I came across the Chapman Stick a couple of days ago for the first time and fell in love with it at once. It is the most amazingly versatile and pleasing electronic instrument I have heard, one that is capable of being played in real time without any pre-programming of its various voices.
As you can see, it owes its form and to a lesser degree, its function to a simple electric guitar, but it is way more than that. Unlike a guitar, which is essentially a plucked string instrument, this one is much more a sort of keyboard in which the strings are hit rather than being plucked, though you can of course, pluck the stings if that is the effect you desire.
I think probably it would be best to show you a video made by the guy who invented the instrument, in which he describes in fine detail exactly what and how it works and is played. And for those of you who prefer to get your information by reading it, here is how good old Wikipedia describes it.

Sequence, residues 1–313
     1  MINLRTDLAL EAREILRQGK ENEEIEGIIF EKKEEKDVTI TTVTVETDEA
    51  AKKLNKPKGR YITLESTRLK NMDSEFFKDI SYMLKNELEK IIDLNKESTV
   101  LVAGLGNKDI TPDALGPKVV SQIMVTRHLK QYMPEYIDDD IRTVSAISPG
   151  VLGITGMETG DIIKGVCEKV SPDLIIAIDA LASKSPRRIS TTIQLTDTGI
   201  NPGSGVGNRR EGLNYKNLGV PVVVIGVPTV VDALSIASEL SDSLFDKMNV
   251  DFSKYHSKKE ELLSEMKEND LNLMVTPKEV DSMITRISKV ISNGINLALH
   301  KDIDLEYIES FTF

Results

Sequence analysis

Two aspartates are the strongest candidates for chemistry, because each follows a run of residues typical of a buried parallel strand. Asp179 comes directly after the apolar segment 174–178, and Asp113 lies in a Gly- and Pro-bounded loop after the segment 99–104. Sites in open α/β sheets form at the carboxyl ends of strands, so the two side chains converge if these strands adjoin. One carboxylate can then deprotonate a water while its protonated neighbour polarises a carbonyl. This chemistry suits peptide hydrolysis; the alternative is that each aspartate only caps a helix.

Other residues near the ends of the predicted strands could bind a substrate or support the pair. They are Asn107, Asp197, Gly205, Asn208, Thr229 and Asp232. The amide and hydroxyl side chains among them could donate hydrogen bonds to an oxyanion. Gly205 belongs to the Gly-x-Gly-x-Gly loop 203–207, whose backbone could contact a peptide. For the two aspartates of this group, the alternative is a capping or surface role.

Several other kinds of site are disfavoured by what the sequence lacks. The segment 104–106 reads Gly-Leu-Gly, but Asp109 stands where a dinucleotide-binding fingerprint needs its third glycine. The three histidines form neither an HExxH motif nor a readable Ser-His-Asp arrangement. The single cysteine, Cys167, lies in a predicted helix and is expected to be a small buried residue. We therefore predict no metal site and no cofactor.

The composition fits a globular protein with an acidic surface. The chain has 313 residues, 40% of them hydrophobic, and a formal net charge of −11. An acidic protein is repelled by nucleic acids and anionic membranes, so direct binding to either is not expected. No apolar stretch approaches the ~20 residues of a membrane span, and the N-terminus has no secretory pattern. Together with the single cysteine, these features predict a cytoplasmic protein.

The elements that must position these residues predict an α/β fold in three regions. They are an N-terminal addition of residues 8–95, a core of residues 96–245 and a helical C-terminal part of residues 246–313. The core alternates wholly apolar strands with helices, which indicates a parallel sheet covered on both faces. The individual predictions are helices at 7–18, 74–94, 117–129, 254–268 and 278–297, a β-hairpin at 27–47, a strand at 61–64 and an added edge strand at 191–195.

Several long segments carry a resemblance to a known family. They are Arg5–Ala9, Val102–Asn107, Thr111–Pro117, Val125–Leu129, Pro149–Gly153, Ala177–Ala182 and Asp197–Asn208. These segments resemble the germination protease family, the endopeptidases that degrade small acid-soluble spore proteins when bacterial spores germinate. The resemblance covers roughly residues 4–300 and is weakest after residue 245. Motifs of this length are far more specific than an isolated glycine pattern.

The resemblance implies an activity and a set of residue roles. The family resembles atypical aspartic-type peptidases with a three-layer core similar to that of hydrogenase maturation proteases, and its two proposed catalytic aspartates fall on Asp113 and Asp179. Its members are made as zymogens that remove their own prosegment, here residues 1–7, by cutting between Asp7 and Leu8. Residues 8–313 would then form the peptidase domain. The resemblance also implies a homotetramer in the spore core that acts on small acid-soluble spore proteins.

A Chapman Stick looks like a wide version of the fretboard of an electric guitar, but with 8, 10 or 12 strings. It is, however, considerably longer and wider than a guitar fretboard. Unlike the electric guitar, it is usually played by tapping or fretting the strings, rather than plucking them. Instead of one hand fretting and the other hand plucking, both hands sound notes by striking the strings against the fingerboard just behind the appropriate frets for the desired notes.
For this reason, it can sound many more notes at once than some other stringed instruments, making it more comparable to a keyboard instrument than to other stringed instruments. This arrangement lends itself to playing many lines at once, and many Stick players have mastered performing bass, chords and melody lines simultaneously.
So now you know what it looks like and roughly how it works, here is a video in which Emmett Chapman (the guy who invented this wonderful instrument) describes it, tells us how it works and demonstrates it as well.
See what I mean? Isn’t that the most amazing instrument you have ever heard? Such a versatile and intuitive instrument, and capable of so many different tones, colours and styles.
As you will see in the following videos, it is an instrument that lends itself easily to just about any sort of music you can think of.